In 2010 first-time director Panos Cosmatos created a surreal and grotesquely beautiful science fiction movie by the name of Beyond the Black Rainbow. Cosmatos crafted a movie with a superficially retro appearance, which, upon inspection, contained a depth of startling visual originality.Â Designed in the Kubrickian tradition of cinema concerned with visual stimuli rather than narrativeÂ comprehension, Black Rainbow is a dizzying, bold adventure into the realm of science fiction. A contemplative genre movie.
And while Beyond The Black Rainbow was certainly not for everyone, it found appeal among those who like to look in the dark corners and around the smudged edges of cinema for something a bit different. Even if you don’t agree that Black Rainbow succeeds in its mission, you can’t name another movie like it– until now.
In a 2011 interview with Eye For Film, Cosmatos stated that if Beyond the Black Rainbow “was a Pink Floyd album, the next one will probably be a Slayer record.” And his powers of foresight proved remarkably accurate, as he presents us now with Mandy, a full throttle, skull blistering, thrash-metal revenge movie.
The plot, although a simple tale of bloody retribution, gives us much more than Black Rainbow and makes Mandy far more accessible than its ‘trance film’ predecessor. Red (Nicolas Cage) and Mandy (Andrea Riseborough) live an idyllic life together in their home in California’s Shadow Mountains, until one day they cross paths with a religious cult led by Jeremiah Sand (Linus Roache). Jeremiah decides he must possess Mandy and enlists the help of a monstrous trio of L.S.D.-bent bikers to take her by force.
Although that might not sound the most complex of stories for a two-hour movie, it’s all that Mandy needs, as Cosmatos displays an exquisite visual ingenuity to take us on a dark journey of revenge, religious entitlement and searing rage.
And Cosmatos’ eye for a magnificent visual is still present and correct because Mandy is a work of warped and twisted beauty. Dark and purple/red hued, as if viewed through a volcanic haze. He intersperses the action with animated sequences drawing influence from Heavy Metal and Moebius. Mandy doesn’t shy from the violence either. This is a story of savage actions and violent reprisals, and the red colour palette is a perfect representation of the blood and rage ““ there is an actual red mist!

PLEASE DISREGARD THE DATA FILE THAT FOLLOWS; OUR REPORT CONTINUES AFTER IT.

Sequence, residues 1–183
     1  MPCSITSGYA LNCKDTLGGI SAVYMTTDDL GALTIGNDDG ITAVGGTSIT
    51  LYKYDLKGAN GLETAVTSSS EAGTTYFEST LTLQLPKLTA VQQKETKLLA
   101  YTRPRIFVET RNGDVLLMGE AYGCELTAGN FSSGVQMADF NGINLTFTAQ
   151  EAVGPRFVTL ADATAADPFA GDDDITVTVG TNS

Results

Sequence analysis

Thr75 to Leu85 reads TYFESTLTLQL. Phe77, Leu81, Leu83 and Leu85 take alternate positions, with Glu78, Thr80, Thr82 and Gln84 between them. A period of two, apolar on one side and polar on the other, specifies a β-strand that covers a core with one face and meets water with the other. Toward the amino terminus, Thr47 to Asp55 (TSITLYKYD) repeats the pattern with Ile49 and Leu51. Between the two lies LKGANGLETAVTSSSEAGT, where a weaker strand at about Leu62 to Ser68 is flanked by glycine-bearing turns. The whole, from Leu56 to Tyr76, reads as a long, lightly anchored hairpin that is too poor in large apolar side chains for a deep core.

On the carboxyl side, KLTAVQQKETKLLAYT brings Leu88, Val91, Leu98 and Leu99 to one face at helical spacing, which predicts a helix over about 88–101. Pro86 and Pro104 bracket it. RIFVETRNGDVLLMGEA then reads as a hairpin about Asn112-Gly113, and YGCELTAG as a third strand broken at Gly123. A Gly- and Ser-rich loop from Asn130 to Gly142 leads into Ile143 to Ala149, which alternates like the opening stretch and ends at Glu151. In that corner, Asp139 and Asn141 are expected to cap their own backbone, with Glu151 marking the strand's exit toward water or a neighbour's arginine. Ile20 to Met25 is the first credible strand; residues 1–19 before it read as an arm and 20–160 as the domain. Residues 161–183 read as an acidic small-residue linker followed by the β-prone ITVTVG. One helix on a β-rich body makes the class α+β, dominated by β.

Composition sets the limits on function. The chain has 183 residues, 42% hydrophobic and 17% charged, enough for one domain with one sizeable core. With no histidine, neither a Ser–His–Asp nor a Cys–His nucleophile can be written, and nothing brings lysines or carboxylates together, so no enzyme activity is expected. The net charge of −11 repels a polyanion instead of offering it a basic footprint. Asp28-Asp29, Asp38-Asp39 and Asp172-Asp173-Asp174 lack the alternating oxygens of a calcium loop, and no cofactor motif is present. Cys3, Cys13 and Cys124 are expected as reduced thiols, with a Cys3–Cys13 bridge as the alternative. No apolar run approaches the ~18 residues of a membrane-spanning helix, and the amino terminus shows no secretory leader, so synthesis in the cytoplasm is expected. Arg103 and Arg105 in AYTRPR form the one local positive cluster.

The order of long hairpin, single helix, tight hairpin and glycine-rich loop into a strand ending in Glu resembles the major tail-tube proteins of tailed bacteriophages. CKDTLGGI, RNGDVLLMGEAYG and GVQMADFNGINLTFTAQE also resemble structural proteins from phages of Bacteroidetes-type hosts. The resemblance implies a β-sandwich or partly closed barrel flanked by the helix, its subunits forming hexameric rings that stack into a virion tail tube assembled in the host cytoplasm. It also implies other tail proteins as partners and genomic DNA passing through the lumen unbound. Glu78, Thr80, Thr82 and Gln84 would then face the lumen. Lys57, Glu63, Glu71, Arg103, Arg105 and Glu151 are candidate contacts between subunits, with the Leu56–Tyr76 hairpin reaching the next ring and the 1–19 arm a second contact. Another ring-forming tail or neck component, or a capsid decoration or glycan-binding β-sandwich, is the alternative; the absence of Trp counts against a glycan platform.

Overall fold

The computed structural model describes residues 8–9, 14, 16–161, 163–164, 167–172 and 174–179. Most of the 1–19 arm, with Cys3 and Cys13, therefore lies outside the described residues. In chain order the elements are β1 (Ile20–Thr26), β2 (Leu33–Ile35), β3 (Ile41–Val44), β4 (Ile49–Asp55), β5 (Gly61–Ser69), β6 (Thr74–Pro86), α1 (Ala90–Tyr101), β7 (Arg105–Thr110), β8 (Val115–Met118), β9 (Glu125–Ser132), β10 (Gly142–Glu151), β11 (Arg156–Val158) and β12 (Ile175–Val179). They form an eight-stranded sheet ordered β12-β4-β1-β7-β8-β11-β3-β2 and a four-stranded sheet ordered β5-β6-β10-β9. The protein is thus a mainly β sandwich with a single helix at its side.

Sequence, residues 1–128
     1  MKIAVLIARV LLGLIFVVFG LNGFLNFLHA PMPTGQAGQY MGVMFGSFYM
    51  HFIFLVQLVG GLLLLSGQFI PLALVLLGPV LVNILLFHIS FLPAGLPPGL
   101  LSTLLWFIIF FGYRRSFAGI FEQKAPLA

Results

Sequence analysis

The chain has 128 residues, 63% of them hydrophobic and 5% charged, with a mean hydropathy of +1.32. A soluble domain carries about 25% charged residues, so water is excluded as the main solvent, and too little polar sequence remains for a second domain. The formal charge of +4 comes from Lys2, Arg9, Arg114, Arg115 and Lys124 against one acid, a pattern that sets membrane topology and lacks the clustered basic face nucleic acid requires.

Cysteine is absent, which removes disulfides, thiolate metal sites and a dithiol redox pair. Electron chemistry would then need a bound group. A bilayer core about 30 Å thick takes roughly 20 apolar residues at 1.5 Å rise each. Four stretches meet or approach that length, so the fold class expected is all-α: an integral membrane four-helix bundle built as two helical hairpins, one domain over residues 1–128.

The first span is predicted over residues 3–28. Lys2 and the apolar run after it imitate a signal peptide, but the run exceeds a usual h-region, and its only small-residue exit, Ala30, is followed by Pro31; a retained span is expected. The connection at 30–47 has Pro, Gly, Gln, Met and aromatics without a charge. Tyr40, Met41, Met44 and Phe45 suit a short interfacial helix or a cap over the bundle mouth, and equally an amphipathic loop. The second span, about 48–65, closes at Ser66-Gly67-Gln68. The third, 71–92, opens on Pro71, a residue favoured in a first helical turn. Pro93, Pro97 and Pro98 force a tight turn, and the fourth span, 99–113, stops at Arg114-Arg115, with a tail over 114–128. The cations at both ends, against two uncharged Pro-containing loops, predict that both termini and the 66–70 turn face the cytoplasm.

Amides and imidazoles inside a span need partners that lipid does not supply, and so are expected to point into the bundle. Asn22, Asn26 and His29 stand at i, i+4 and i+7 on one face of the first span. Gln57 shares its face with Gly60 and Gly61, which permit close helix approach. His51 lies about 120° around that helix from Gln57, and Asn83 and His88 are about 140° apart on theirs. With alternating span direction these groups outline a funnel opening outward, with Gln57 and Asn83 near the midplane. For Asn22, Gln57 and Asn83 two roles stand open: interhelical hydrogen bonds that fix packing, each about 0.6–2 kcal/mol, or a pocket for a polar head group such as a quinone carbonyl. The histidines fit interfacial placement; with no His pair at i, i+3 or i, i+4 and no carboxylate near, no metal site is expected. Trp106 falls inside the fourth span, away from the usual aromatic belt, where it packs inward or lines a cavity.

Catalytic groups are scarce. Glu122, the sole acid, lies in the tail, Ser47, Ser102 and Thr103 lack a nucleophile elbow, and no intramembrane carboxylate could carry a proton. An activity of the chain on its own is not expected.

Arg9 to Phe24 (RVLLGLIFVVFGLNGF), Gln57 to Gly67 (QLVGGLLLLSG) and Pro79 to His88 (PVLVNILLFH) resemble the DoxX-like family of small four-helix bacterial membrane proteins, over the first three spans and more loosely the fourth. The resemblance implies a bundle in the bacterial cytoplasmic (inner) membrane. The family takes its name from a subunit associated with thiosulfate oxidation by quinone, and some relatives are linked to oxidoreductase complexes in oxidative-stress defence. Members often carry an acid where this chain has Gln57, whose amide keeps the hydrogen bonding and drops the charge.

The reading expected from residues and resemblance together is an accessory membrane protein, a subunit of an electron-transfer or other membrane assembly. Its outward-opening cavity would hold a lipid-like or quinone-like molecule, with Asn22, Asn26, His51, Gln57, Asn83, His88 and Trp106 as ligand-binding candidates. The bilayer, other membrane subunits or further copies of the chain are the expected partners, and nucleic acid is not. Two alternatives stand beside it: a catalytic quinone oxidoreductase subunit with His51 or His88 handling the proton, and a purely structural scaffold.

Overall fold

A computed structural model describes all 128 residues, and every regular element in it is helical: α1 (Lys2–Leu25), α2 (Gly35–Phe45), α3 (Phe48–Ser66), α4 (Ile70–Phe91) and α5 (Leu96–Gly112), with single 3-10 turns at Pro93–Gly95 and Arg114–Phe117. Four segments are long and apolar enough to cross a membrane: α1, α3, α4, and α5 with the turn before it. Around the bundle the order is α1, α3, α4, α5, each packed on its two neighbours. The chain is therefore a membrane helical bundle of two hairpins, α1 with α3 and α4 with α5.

The bikers are monstrous and inhuman, decked out in black leather, enhanced with nails and claws and all manner of savage accessory. Deranged and super strengthened from the bad batch of L.S.D they look like something spilled out of a Clive Barker movie, Cenobite refugees crossed with the wasteland marauders of Mad Max.
And Cosmatos’ interest in weird weapons manifests itself once again. In Black Rainbow it was a fearsome dagger called the Devil’s Tear-Drop and in Mandy Cage wields an outrageous, multi-pronged, silver axe/sword combo that would put a Klingon Bat’leth to shame.
JÃ³hann JÃ³hannsson’s wonderful soundtrack also deserves mention. In the same way that Sinoia Caves (a.k.a. Jeremy Schmidt) provided a classic, intrinsically linked score to Black Rainbow, JÃ³hannsson has provided a pulsing, ominous, foreboding piece of work that flows through the veins of the film. Featuring Stephen O’Malley of Sunn O))) / Burning Witch on guitar, it is JÃ³hannsson’s final composition, posthumously released after his tragic death in February.
As for the cast, who better to assist Cosmatos in the delivery of his berserk sophomore outing than an untethered Nicolas Cage? But let’s be clear, Cage is excellent in this movie. If you are here to laugh or look down your nose, as was the case with the final screening at the Melbourne International Film Festival recently, then this is not the movie for you. The smug mockery is best left at home, because while Cage goes for it, it’s all about context. The write-ups citing him as being at his ‘most Cage’ do a disservice to both him and the movie. He commits to it completely, as you would expect him to do; Mandy is not a movie about subtleties, but he never goes too far. He is absolutely convincing as a man in the grip of all consuming pain and unquenchable rage.
Riseborough brings an enigmatic fragility to Mandy, and a sad backstory, never fully revealed. It makes her a curiosity that proves irresistible to the impulsive cruelty of Jeremiah, who Linus Roache imbues with pure malice. A powerful man with a weak and snivelling inside, the result of religious hypocrisy left unchecked.
It’s also fantastic to see Bill Duke in this. A superb character actor with a top drawer back catalogue of classics from Commando through to Predator. He might not have much screen time, but he looks no different and his whispery, rasping delivery is always welcome.
Cosmatos has again given us a movie revelling in its own horrific beauty. It’s a feral, snarling revenge picture presented with stunning visual originality, and so much for the senses to take in that repeat viewings will be mandatory. Monstrous acts saturated with glowing, meditative colour and Cage: a savage, human apocalypse. Mandy is dark and weird and unhinged, and very, very good.
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Monster Fest Presents in association with Madman Films host One Night Only event screenings across Australia on Friday 21 September. Details HERE. The film opens in the US on September 14.